B: Because we have original music. If you see our performance, it’s 90 to 95 percent original music. Our album is our music. No covers. It’s a lot of elements to it too. I do a lot of singing on stage. We really tried very hard to get out of that novelty type of music. We used to do a lot of gigs where it was like, “Okay guys, I want you to stand on this barstool and just play.” We’re just hoping we fought really hard to get out of that. We’re artists. We want to express ourselves (and) not be limited.
At Hooligan, we believe in bringing the abnormal to the mainstream. How does Black Violin do that?
S: When’s the last time you heard two violins playing a song on the radio and leading the group?
The cool thing with it is that we’re definitely chameleons. We can come in-and-out of many different genres. Our album is very much hip-hop and R&B, but it’s also very much classical and pop, and also has some jazz to it as well. We kind of weave in-and-out of genres. We’re comfortable that it’s not sticking in one particular place. You hear us on either a television commercial, or the TV show we score, or HBO's Ballers that’s coming out next week, or whatever. For us, we like to be a chameleon that pops up everywhere. To us that’s mainstream, because we’re in everything. Rather than just, “Okay, that’s the hit on the radio" -- which we can do as well and welcome. I think we are in that category, but we relish in that. We love that. We’re always trying to be the best we can be and find different creative ways to be mainstream.
Like you just mentioned, you do more than perform live. You do score many different projects. How did that come about?
B: It’s all about connections. The first thing we’d done, we scored this CSI: New York episode. One of the directors saw one of our shows, and then they were like “Oh, they would be perfect for this show.” That's kind of how stuff happens. We did this commercial. It was like a Kobe and LeBron battle commercial. I don’t know how they got our contacts, but our musical travels. Our music was on Dancing with the Stars. A lot of people hear that, and they’re like "What is that?” We get a lot of opportunities that way.
If you go to the show, you see what it is. Sometimes people in the audience may know someone that's in Hollywood who needs music like this. Our music is very different. We’re scoring this TV show that’s coming out in the fall. It’s called Pitch; they wanted our music. They didn’t want anything else, because our music is unlike anything else. They wanted our sound. That’s a great opportunity to get our sound really branded in that world. To me, that’s fun. We’re tip of the iceberg. We haven’t really gotten there yet. The opportunity is endless. We’re doing this TV show; we’re doing this season. Just because of that season, somebody might hear that sound. “Yo that’ll be perfect for Captain America 4.”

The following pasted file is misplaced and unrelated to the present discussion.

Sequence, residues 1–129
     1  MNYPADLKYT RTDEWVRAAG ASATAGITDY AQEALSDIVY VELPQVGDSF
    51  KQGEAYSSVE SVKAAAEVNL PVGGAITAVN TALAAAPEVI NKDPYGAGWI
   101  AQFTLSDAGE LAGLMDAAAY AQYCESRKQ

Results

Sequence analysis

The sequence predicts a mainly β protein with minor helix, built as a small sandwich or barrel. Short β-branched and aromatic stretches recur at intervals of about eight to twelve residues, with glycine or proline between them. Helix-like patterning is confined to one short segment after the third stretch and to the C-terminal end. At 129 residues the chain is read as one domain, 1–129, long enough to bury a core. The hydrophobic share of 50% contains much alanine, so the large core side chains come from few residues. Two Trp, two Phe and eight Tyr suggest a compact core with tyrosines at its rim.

S: I wish. I wish.
B: You never know. Our sound is very different, so we just need a chance. We know people love it. We’ve been doing it for 12 to 13 years. The sound is there; people love it. It’s just a matter of continuing to break barriers and getting these opportunities
S: We’re classical musicians who like really hard hip-hop. Not like trap stuff that’s going on now; I like that too. We can relate more to that party hip-hop of the early 2000s -- more southern hip-hop. Something that like Lil’ Wayne would jump on. When you take that beat, blend it with lush classical music. We make epic awesomeness on accident. We don’t even try. I think it lends itself really well to that. We just do that naturally. That’s what we do at our shows, and it connects. For us, we just weave it all together. It shows up in different places. You will be listening to us, and you won’t know.
Lastly, why are you here?
B: Why am I hear? I feel like me personally, I’m here to inspire, uplift, and help people. The joy I get when I either play with somebody, play with some kids, or just talk to some kids -- they can see me. They’re inspired, they're happy, and they’re smiling. That gives me so much. I’ll be there for the rest of my life. That’s what I’m here to do.
S: I’m here for you to listen to music we create.